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Wallet-To-Wallet, Peer-To-Peer: A Digital Payments Boomlet47:34
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“Tap and pay”: mobile money, peer-to-peer, all over now. SnapChat, Venmo, now Facebook Messenger. We’ll look at security and the new anthropology of digital money.

This June 11, 2014 file photo shows Facebook's "like" symbol at the entrance to the company's campus in Menlo Park, Calif. Facebook users in the U.S. will soon be able to send their friends money using the social network’s Messenger app, the company announced Tuesday, March 17, 2015. (AP)
This June 11, 2014 file photo shows Facebook's "like" symbol at the entrance to the company's campus in Menlo Park, Calif. Facebook users in the U.S. will soon be able to send their friends money using the social network’s Messenger app, the company announced Tuesday, March 17, 2015. (AP)

Digital money is really moving lately. In so many arenas, wallets don’t come out anymore. Smartphones do. Maybe to channel your credit card at a cash register. Maybe skipping all of that, and paying “peer-to-peer.”  Friends just tapping their phones to split the tab for dinner, or split the rent, or pay the plumber. Right from my bank account to yours.  Zip, zap, done. Maybe it’s Venmo, maybe it’s Snapcash, or PopMoney. Now Facebook Messenger will let you send money right along with your “what’s up?” This hour On Point: mobile money, and how it changes the way the world works.
-- Tom Ashbrook

Guests

Alison Griswold, business and economics reporter for Slate. (@alisongriswold)

Josh Constine, senior writer at TechCrunch. (@joshconstine)

Karen Webster, CEO at Market Platform Dynamics and PYMNTS.com. (@karenmpd)

Alex Watson, CEO at Harvest.AI, a cybersecurity firm. Former NSA field operations officer.

From Tom’s Reading List

Slate: Venmo Money, Venmo Problems — "By making the money transfers quick, uncomplicated, and even cool, Venmo is winning. But for all its promise as a smooth and efficient financial service, Venmo’s popularity seems to be outpacing its customer-support capabilities. As of November, Venmo only had around 70 full-time employees. (Its parent PayPal, which oversaw $64.3 billion in transactions in the last quarter of 2014, has more than 10,000.) Three years after the service left its beta phase, Venmo doesn’t have a dedicated phone line for customer issues. Urgent emails about stolen funds receive slow responses. It doesn’t offer two-factor verification, an increasingly common security layer that requires users to provide a secondary passcode to access an account, though it’s working to implement it."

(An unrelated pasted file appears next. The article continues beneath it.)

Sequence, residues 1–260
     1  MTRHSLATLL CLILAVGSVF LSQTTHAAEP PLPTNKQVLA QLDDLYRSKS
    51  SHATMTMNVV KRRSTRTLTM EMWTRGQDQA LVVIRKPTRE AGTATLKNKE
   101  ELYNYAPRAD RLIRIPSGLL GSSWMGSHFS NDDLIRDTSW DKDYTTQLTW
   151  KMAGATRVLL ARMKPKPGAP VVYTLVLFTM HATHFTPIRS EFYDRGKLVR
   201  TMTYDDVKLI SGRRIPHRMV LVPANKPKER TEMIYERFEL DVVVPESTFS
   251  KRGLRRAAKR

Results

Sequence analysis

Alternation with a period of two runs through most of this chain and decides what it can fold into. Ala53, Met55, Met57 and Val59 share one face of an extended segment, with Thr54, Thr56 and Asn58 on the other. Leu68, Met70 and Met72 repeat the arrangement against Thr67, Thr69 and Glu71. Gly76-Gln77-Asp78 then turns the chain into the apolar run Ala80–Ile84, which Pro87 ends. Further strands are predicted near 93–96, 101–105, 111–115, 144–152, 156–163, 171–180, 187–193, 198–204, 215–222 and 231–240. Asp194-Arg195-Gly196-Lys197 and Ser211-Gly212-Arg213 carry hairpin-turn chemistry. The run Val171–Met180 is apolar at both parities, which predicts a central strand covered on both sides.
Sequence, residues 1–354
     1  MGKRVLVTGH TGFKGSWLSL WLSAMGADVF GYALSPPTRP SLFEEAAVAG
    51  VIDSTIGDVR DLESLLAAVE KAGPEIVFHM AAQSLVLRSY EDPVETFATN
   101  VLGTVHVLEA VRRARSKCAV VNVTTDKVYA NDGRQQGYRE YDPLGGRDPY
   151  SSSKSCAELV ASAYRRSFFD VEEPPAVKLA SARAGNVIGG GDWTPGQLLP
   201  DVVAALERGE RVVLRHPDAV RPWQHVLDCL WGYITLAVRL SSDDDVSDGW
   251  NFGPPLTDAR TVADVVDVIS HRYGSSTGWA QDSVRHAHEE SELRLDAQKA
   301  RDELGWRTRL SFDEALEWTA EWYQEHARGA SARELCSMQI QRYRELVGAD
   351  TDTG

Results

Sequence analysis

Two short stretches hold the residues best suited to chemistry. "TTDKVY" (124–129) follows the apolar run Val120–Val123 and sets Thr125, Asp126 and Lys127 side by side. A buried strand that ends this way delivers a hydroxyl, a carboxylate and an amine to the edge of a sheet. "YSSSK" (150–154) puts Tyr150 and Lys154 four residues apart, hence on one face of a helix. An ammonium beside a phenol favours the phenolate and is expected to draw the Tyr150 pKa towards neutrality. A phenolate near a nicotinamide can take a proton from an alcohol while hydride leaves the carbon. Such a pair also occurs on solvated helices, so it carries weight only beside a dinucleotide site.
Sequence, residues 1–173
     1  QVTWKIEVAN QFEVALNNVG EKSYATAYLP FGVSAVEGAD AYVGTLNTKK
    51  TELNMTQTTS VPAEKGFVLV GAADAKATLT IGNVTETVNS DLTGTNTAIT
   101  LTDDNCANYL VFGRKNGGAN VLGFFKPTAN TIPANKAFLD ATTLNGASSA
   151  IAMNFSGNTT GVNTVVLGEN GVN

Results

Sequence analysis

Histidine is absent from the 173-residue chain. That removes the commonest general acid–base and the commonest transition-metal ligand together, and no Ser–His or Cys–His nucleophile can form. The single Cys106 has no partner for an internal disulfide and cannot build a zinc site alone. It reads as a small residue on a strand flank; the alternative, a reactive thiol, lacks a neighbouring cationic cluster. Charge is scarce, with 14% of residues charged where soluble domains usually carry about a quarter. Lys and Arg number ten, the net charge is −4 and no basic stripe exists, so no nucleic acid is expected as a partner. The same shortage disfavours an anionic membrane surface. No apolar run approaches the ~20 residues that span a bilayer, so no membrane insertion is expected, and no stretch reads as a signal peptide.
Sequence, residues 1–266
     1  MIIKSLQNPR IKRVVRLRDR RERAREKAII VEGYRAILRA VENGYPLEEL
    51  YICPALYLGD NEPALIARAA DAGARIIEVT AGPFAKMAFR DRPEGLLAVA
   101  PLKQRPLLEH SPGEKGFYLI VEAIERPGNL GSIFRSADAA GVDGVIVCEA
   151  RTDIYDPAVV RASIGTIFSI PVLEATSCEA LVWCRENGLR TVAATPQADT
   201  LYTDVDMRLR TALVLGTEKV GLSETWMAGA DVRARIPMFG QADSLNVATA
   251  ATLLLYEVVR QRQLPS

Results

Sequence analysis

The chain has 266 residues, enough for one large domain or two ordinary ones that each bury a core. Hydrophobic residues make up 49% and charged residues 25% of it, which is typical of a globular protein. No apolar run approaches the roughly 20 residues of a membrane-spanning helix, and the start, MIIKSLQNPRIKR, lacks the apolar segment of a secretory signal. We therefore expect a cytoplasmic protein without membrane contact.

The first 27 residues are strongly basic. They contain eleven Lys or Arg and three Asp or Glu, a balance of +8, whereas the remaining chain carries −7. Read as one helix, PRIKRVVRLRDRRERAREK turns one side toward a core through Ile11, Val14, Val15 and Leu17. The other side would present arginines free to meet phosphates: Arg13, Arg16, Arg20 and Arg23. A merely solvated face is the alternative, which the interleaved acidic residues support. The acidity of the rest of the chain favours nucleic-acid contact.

TechCrunch: Facebook Introduces Free Friend-To-Friend Payments Through Messages — "Rather than lean on a payments company like PayPal to power the feature, Facebook built it from the ground up from its experience processing over 1 million payments a day through its ads and games platforms. Transactions and payment info are encrypted, and Facebook says 'These payment systems are kept in a secured environment that is separate from other parts of the Facebook network and that receive additional monitoring and control,' from an anti-fraud team."

Krebs On Security: Apple Pay: Bridging Online and Big Box Fraud -- "Lost amid the media firestorm these past few weeks about fraudsters turning to Apple Pay is this stark and rather unsettling reality: Apple Pay makes it possible for cyber thieves to buy high-priced merchandise from brick-and-mortar stores using stolen credit and debit card numbers that were heretofore only useful for online fraud.

This program aired on March 25, 2015.

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